Woebegone Me

The Rake: So why did you get out of Denmark so fast?

Taylor: In Denmark people stare at foreigners as if they have the mark of the beast on their foreheads, and I grew up in a family that takes the mark of the beast very seriously. I don’t like to be looked in the face, especially when I try to speak Danish. Each vowel in the Danish language requires the use of 128 facial muscles. When you sit down to dinner and try to say, “Will you please pass the bread?” it takes ten minutes for them to stop laughing at you, and you still don’t have any bread. They make their beds every morning to military specifications, though none of them can say why this is a virtue or what vice it prevents. New York is laid-back compared to Denmark.

The Rake: But you wanted anonymity. Wasn’t it anonymous enough?

Taylor: Too anonymous. Everyone there wears red socks, too, so they never noticed mine. They had no idea I was one of the ten sexiest men in America. They did not appreciate me for my true gifts. They appreciated me for my Pouilly-Fuissé, but not much else. So we moved to New York. In New York the newspapers really know how to treat a famous man. They don’t leave They write about what you’ve had for supper.(20)

The Rake: So why did you come back?

Taylor: To see if my books were being remaindered at Odegaard’s.

The Rake: Really?

Taylor: Will B. King called me up. He was running low on silk boxer shorts and started missing his cash cow. He insinuated that my ratings for the New York show were in the tank, which, of course, they were. “Remember the good old days?” he said, “When the pledges rolled in and we went out to Murray’s for seventy-dollar steaks and three bottles of Poilly-Fuissé?” But I was still rich as a troll from my books and told him I didn’t give a cold toilet seat about MPR. Plus, you never drink Poilly-Fuissé with steak—the cad. “Taylor,” he said, “You are like Ahab except you cut off your own leg and went looking for it in Denmark and New York. We’ve got your leg in Minnesota. You come back, we give you your leg and a big pile of cash. We keep the media jackals under control and make sure you don’t have to see so much as a hair off Noah Adam’s butt.(21) You belong here.”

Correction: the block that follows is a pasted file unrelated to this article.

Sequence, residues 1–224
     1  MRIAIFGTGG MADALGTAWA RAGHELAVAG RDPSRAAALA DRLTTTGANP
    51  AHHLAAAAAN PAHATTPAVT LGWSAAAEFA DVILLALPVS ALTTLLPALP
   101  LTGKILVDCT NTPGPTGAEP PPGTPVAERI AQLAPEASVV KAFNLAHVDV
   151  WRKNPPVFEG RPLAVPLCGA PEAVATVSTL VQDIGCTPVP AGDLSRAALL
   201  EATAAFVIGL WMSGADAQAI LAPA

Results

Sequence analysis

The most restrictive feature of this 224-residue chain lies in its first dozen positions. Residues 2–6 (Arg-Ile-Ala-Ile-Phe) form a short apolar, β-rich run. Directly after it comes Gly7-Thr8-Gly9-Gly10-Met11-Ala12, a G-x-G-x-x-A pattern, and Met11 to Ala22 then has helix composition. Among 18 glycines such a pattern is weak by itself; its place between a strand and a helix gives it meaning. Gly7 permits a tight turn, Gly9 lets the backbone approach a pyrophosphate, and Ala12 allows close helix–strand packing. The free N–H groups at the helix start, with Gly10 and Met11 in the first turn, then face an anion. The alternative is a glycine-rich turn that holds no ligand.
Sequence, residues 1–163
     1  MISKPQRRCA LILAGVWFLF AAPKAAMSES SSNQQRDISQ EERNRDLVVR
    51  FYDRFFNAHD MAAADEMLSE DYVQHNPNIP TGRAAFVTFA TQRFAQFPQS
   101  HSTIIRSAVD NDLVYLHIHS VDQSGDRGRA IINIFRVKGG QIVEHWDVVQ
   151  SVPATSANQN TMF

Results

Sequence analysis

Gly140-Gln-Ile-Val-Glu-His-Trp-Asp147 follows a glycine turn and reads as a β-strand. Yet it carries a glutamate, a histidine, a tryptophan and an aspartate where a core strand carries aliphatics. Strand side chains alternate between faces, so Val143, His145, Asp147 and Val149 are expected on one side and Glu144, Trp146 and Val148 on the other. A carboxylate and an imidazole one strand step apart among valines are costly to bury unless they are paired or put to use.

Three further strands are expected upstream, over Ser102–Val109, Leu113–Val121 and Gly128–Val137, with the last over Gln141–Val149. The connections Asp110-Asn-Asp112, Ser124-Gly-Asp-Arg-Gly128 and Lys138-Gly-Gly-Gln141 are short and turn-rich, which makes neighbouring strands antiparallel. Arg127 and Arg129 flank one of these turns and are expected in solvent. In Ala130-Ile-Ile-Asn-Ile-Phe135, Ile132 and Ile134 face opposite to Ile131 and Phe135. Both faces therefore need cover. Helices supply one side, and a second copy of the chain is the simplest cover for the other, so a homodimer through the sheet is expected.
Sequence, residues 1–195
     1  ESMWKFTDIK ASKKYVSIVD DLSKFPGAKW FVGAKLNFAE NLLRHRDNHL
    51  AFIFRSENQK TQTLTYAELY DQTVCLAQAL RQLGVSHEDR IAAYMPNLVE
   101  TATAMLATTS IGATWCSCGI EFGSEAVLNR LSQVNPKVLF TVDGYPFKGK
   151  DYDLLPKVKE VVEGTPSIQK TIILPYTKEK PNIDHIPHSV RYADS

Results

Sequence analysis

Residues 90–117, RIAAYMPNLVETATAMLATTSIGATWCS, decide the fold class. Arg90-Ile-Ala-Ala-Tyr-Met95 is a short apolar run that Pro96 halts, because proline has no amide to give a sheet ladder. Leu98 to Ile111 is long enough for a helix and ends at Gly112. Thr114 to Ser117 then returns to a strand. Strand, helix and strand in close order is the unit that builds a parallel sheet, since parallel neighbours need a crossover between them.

My wife liked New York. It was better than Denmark for me, anyway. But Will was right. I don’t belong in New York. I told my wife, Bella, we were moving back to Minnesota.
She said “We are not. That place is full of spiteful, bitter volk who convert their frost-bitten misery into pathological revenge on successful people. Look what they did to Bob Dylan. He ended up singing only with his nose. If you go back they will make you sing with your nose, too.”
“When you say it like that, it sounds so bad,” I replied.
“It is so bad. They are not going.”
“We,” I corrected.
“We what?” she replied.
“We are not going,” I said.
“That is what I said. We are not going.”
“No. You said they are not going. You always get your English plural pronouns mixed up when you are angry. You want first person, not third. We are not going.”
“Good,” she said.
“But we are going,” I corrected.
“You just said, ‘We are not going,’” she said.
“No. I said, ‘We are not going,’” I corrected.

This conversation went on for six days. On the seventh day, the mail arrived with a stiff cardboard envelope from Will King. It contained a key to a locker in the St. Paul Greyhound station at Seventh and St. Peter, and instructions to retrieve the contents and bring them to Mickey’s Diner across the street where I would meet Terry McCauliffe and exchange them for a briefcase. Terry had tried to disguise himself as a St. Paul Companies executive to be inconspicuous, but you could tell it was a stretch for him to dress down that much.

The contents of the locker were lists of Minnesota Pedestrian Radio members. The briefcase contained a hefty advance on my salary to host another season of APHC. I dumped Bella Stoevaard and her little pack of brats and headed west, and had never felt more like a cowboy in my life. It turned out the briefcase came from the CEO of Land’s End, which has helped Democrats dress like Republicans for more than fifty years.

The Rake: So where’s Bella?

Taylor: Bella who?